I have been trying to write another blog for three months. I had developed a concept, a style: it was to be composed of honest, ultimately empowering essays, about raising a child with special needs, from a Black feminist perspective. I was to uncover something, a lesson in each, that was universal. It was to surpass venting, complaining, bemoaning. But, these past months, I have not been able to write in that way. My life has felt very particular, a thing in which I could not find universalities, or lessons, only the struggle to reach the next day.

I have been preparing readings for a class on Black feminism and womanism, remembering the joy and discovery of my first forays into this field, when I first found all of these voices saying the things I did not yet know that I wanted to say. An important method in our tradition is creative writing, the personal, but also political essay, meandering and contemplative, posing more questions than solutions, moving quietly through the complexity of Black women’s lives, naming the details, naming the names we are called by, that we call ourselves, refusing some and draping ourselves in others. Black, single? mother. Warrior mama of a child with disability. Scholar, intellectual. Adjunct lecturer. Barely employed. Highly educated, overeducated, even. “Knowing more than what is good for one.” (Walker, Womanist) Working class, according to income. Middle class, according to my profession and four degrees. A not unwifed wife, in that long, liminal space of Deciding. An artist, who cannot remember the last time she made art. Who tries to write poems and stories, and makes grocery lists, to-do lists instead.

It all runs together. Child care. Who will care for a child, who wears his intestine like a kiss on his stomach, covered with a plastic bag? Who needs to be watched just a bit closer, not quite yet ready to join the rush of sturdy, tumbling toddler limbs? “We are not trained for that,” they tell me. “We cannot serve his needs.” I cross a name off the list, call the next number. Numbers rush through my head, causing migraines. The numbers have lives. They dance and sing at me, Sesame Street style. One week: Four classes to prepare for. Two syllabi to write. Seventeen readings to scan. Six books to read. One article to complete and submit. One job talk to write and rehearse. I think I can do it. I have found one school, in the entire city, that embraces my child, that does not shudder at the medical device that he needs to live. I think I can do it, then…Five days of recurring fever, where he cannot attend school. Sixth day now, of him not eating. Of me not sleeping as he writhes and whimpers and clings to me through the night. Classes start in two days. Three doctor appointments, zero answers. The only thing that distracts him from his pain is television. I tire of educational PBS shows. We go to the stuff of my childhood, Disney movies. I watch princesses sing of their desires to be places other than here: the sea, the land, whole new worlds, paths not taken, of wanting more than their provincial towns. (Except the Black one, who wants a restaurant.) They are mostly White. They have silky hair and concave-flat stomachs and happy endings, yet I still identify with them, as they sing these songs. We sing along. At least until most of their desires manifest as handsome princes. I cannot sing along. I try to put my child down, work a little, read a little. He cries and reaches out. I can’t bring myself to deny him. We finish the films together. One syllabus, zero articles, zero job talks, two books completed.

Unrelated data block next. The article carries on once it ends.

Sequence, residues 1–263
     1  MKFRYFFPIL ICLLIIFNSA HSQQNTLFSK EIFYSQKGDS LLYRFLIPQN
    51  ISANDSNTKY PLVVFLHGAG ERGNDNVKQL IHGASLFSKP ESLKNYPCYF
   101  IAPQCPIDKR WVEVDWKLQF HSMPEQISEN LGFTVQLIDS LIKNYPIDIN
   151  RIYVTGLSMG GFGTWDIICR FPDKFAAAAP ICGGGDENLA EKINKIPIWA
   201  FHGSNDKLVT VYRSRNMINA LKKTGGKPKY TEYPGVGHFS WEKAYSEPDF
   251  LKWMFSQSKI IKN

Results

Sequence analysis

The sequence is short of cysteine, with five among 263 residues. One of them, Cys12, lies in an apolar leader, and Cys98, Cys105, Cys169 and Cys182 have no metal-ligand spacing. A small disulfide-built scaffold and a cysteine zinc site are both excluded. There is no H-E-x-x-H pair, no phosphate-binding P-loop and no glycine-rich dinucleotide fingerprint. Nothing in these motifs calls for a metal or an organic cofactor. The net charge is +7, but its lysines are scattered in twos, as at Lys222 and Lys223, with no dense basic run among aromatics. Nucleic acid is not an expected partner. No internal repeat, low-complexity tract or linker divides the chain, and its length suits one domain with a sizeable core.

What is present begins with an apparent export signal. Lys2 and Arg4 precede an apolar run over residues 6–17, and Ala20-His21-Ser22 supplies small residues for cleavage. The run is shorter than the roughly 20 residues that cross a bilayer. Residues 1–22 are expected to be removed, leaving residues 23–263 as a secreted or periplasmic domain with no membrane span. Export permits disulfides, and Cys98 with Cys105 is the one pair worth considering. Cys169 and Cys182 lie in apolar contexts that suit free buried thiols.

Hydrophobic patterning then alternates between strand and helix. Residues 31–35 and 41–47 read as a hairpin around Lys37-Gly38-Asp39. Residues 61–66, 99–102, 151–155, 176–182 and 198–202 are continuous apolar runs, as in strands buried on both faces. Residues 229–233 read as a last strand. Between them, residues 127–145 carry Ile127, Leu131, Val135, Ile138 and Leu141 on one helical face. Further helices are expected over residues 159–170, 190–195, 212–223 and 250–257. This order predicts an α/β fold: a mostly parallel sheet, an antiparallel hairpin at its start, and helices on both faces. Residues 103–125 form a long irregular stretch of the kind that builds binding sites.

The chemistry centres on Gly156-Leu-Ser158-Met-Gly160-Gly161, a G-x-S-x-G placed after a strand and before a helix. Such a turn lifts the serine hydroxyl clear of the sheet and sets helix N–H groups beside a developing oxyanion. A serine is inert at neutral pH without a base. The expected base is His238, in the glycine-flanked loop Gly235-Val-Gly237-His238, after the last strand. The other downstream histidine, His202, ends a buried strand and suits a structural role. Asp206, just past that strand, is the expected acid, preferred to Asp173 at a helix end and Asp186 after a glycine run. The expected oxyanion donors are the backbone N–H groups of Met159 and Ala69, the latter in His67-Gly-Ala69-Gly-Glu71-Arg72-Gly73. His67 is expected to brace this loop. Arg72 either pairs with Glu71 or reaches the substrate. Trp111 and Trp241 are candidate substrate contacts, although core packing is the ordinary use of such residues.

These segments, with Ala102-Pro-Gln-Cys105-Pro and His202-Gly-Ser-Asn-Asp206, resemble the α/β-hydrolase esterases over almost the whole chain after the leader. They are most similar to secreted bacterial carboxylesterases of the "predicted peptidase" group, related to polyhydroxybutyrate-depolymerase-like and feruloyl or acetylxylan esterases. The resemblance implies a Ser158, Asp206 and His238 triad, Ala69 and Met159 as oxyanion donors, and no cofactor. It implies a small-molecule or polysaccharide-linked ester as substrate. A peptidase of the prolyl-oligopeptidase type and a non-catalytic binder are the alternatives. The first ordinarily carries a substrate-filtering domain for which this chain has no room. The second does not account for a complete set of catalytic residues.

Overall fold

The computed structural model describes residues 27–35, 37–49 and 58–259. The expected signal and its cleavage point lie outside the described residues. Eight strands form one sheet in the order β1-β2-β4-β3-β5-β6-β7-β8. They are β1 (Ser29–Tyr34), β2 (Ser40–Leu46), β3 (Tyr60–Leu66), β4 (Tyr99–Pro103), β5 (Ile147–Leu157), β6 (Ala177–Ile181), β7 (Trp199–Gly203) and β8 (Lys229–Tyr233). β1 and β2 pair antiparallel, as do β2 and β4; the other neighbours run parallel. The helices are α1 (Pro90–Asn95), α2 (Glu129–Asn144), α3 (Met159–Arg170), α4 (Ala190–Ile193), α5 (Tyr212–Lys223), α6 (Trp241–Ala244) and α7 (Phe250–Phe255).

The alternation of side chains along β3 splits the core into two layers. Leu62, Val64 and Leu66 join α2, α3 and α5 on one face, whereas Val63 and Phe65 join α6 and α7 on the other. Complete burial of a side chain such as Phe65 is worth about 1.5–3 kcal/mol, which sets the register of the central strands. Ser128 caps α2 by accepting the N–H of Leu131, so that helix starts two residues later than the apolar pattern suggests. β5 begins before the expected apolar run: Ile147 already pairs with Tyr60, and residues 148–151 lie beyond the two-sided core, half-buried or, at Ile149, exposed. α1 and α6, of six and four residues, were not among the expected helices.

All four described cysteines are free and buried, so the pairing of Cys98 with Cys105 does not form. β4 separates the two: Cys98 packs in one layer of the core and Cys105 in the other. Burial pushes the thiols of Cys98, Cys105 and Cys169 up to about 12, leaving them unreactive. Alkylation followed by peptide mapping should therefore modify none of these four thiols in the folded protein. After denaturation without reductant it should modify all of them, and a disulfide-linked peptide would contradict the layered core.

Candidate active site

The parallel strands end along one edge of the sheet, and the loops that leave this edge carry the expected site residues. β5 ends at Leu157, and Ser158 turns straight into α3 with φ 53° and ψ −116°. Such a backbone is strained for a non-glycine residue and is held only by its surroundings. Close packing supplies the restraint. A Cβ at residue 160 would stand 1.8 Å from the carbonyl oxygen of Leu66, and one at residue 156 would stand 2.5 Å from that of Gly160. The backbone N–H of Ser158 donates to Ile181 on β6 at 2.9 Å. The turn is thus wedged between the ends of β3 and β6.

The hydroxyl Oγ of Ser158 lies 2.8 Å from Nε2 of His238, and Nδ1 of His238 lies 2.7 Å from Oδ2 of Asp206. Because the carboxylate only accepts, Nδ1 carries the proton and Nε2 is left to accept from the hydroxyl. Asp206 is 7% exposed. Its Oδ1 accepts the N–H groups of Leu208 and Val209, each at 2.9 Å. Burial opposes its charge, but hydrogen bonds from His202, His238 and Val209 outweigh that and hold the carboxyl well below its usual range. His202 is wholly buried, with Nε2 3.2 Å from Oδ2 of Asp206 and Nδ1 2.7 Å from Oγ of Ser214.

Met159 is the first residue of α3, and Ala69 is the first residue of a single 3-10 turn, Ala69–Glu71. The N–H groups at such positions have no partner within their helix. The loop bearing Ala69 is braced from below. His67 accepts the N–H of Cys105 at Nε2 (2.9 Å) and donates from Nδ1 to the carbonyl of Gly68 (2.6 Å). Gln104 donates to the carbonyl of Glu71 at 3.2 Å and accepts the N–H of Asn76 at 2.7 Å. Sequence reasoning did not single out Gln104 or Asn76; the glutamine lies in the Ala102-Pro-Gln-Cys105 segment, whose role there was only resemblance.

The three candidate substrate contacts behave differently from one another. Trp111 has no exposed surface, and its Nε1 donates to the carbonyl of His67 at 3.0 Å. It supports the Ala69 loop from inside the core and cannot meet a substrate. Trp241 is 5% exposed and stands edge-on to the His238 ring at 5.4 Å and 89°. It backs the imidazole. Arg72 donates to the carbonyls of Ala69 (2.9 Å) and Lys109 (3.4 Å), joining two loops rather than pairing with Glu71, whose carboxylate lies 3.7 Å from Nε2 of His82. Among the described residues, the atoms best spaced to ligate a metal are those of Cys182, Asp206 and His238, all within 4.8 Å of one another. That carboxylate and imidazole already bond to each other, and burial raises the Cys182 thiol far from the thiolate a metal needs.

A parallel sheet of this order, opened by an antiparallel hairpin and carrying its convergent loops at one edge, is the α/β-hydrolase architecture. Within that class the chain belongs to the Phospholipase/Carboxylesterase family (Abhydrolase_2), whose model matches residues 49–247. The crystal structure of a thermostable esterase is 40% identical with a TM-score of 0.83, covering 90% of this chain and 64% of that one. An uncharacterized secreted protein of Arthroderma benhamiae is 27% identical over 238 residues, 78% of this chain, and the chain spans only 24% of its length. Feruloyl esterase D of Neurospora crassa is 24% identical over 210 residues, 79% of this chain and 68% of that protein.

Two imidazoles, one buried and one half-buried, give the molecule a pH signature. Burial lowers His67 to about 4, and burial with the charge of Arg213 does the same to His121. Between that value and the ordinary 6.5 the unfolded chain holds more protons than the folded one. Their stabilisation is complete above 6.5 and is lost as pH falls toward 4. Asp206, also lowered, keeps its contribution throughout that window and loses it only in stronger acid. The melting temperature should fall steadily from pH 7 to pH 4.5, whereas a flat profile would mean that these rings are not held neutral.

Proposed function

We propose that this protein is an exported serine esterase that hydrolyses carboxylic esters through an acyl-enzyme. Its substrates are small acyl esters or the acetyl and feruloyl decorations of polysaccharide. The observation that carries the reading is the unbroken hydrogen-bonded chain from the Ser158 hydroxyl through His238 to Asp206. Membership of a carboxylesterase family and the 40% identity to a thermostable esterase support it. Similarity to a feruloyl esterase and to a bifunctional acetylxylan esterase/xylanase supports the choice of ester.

I send him to his father, spend the day at the library. So many things to research, it all runs together. I cannot think clearly. Theories of posthumanity. Organic nutritional drinks for toddler with an iron deficiency, who has not eaten in a week. Babysitters in case he cannot attend school next week. Sitters are minimum, $15 an hour. I need nine hours, three days. Remedies for migraine. Primary source that talks about Harriet Tubman’s prophetic dreams. There is one copy of the book I need, not in the library where I am working, not in the library where I teach, but in one across town. Intersections of disability and science fiction studies? One to-do added to long list, about ten hours tomorrow to complete. How long can a toddler go without eating? New feeding therapy strategies. I left fruit too long in the bowl, and there are fruit flies in the kitchen. Diseases caused by fruit flies? Theories of Black girlhood. My girlhood was hard. I was laughed at often, closed out of circles, locked out of giggling heads and linked arms. But I miss it. It was easier than this. Natural traps for fruit flies.

I cannot see straight. I remember that my child has broken my glasses, I am wearing a pair that is five years old. How could my eyesight change this much in five years? How much will it change in five more? It was almost five years ago now, that tender, hopeful ceremony on the beach. I wonder how long it will be like this. Like survival is the best that I can do. Barely.

10:00pm. Visitors must leave the university library where I do my work. I am not done, but I go home. It is cold. One appointment next week, to relight the gas pilot. It is at the same time as an occupational therapy appointment. Add one to-do to list, reschedule appointment. The gas lighting, or the therapy? We have missed so many therapies lately, and he needs to work on eating. But the house is so cold. I will decide tomorrow.

11:00pm. I make a fruit fly trap, of apple cider vinegar and dish soap. It works, and I am shocked, that something I have done works as planned, that something has happened as I was told it would. I watch, fascinated, as the flies rush towards the sweetness, and get trapped in the bubbles at the rim.